18.                 <asp:BoundFieldDataField="ReleaseDate"HeaderText="Release Date"/>
  19.                 <asp:TemplateFieldHeaderText="RRP">
  20.                     <ItemTemplate>
  21.                        <asp:Labelrunat="server"ID="RRP"></asp:Label>
  22.                     </ItemTemplate>
  23.                 </asp:TemplateField>
  24.             </Columns>
  25.         </asp:GridView>
  26.     </div>
  27.     </form>
  28. </body>
  29. </html>

The Code Behind:

  1. using System;
  2. using System.Collections.Generic;
  3. using System.Data;
  4. using System.Data.SqlClient;
  5. using System.Linq;
  6. using System.Web;
  7. using System.Web.UI;
  8. using System.Web.UI.WebControls;
  9.  
  10. namespace WhatMakesGoodCode
  11. {
  12.     public partial class Default : System.Web.UI.Page
  13.     {
  14.         protected void Page_Load(object sender, EventArgs e)
  15.         {
  16.             SqlConnection sqlConnection1 = newSqlConnection(@"Data Source=(localdb)\v11.0;Initial Catalog=GoodCodeStore;Integrated Security=True;MultipleActiveResultSets=True");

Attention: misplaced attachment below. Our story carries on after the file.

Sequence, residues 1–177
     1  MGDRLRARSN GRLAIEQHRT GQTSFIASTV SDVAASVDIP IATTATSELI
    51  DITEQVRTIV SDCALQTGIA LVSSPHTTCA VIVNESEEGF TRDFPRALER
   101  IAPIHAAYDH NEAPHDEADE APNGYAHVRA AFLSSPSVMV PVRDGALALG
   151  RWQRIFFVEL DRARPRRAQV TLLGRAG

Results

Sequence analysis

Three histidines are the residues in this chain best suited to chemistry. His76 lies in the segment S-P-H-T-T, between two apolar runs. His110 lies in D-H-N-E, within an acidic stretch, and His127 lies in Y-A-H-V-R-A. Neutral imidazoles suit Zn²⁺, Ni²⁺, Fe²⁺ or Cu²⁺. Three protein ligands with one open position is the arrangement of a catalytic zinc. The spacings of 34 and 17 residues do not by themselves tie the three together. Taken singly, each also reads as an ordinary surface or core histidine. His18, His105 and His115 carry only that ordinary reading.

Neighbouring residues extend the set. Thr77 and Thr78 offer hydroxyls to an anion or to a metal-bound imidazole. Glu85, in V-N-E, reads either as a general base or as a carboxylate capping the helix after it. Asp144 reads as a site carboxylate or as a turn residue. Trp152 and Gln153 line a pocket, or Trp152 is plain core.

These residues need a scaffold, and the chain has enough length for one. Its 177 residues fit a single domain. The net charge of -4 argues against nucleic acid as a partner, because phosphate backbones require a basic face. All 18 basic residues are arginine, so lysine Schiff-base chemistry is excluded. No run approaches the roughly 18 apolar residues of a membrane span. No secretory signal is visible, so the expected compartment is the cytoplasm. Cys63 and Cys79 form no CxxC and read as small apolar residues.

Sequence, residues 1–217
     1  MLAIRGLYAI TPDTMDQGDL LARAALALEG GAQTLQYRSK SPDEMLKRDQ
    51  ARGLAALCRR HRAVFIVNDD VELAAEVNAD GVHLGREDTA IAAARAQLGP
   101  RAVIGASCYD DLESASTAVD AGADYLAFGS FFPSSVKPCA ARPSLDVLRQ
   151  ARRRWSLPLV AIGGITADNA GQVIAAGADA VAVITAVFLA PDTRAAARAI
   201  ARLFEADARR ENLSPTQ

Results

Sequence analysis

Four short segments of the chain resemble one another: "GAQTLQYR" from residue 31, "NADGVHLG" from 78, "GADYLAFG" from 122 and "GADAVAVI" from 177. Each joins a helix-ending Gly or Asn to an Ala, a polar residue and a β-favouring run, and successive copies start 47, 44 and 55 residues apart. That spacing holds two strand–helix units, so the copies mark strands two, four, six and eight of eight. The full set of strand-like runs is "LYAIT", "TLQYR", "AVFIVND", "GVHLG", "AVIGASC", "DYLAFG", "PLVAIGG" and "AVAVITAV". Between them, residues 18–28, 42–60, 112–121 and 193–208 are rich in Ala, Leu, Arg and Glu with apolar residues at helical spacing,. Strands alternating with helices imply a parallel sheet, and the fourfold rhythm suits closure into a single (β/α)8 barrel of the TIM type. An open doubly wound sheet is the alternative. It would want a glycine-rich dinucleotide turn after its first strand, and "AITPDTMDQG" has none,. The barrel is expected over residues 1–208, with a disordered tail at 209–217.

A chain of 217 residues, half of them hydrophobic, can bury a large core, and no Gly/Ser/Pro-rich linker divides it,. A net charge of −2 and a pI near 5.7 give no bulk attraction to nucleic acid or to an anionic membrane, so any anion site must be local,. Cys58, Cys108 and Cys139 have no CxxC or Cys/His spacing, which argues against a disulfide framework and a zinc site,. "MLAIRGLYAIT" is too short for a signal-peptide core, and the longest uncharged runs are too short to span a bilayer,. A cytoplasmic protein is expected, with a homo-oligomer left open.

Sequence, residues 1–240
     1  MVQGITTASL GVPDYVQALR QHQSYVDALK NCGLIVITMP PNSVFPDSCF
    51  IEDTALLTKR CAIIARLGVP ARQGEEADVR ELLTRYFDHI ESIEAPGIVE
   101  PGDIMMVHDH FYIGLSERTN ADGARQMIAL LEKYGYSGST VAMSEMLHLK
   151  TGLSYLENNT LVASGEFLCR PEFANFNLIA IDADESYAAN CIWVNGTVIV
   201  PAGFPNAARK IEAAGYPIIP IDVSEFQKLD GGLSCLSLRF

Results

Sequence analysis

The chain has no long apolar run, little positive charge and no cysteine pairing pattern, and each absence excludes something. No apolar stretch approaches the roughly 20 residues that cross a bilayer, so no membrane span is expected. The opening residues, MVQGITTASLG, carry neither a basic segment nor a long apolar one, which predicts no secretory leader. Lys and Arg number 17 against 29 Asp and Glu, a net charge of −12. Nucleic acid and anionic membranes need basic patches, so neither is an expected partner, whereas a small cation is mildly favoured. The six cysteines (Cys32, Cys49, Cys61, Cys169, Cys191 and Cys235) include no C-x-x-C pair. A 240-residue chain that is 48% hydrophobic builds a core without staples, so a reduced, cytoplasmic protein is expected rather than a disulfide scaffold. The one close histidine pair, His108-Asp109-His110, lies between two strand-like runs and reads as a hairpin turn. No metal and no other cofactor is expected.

17.             SqlCommand cmd = newSqlCommand("SELECT * FROM PRODUCTS", sqlConnection1);
  18.  
  19.             sqlConnection1.Open();
  20.             this.GridView1.DataSource = cmd.ExecuteReader(CommandBehavior.CloseConnection);
  21.             this.GridView1.DataBind();
  22.             sqlConnection1.Close();
  23.         }
  24.  
  25.         protected virtual void GridView1_OnRowDataBound(object sender, GridViewRowEventArgs e)
  26.         {
  27.             if (e.Row.RowType == DataControlRowType.DataRow)
  28.             {
  29.                 Label Label1 = (Label) e.Row.FindControl("RRP");
  30.  
  31.                 /*
  32.                  * Some basic (silly?) logic for the purposes of an example.
  33.                  * Logic will markup the RRP by 35% if there are less than 25 copies in stock and the release date is this year.
  34.                  * Else, it will add 25% to the
  35.                  */
  36.                 if (int.Parse(e.Row.Cells[3].Text) < 25 && DateTime.Parse(e.Row.Cells[4].Text).Year == DateTime.Now.Year)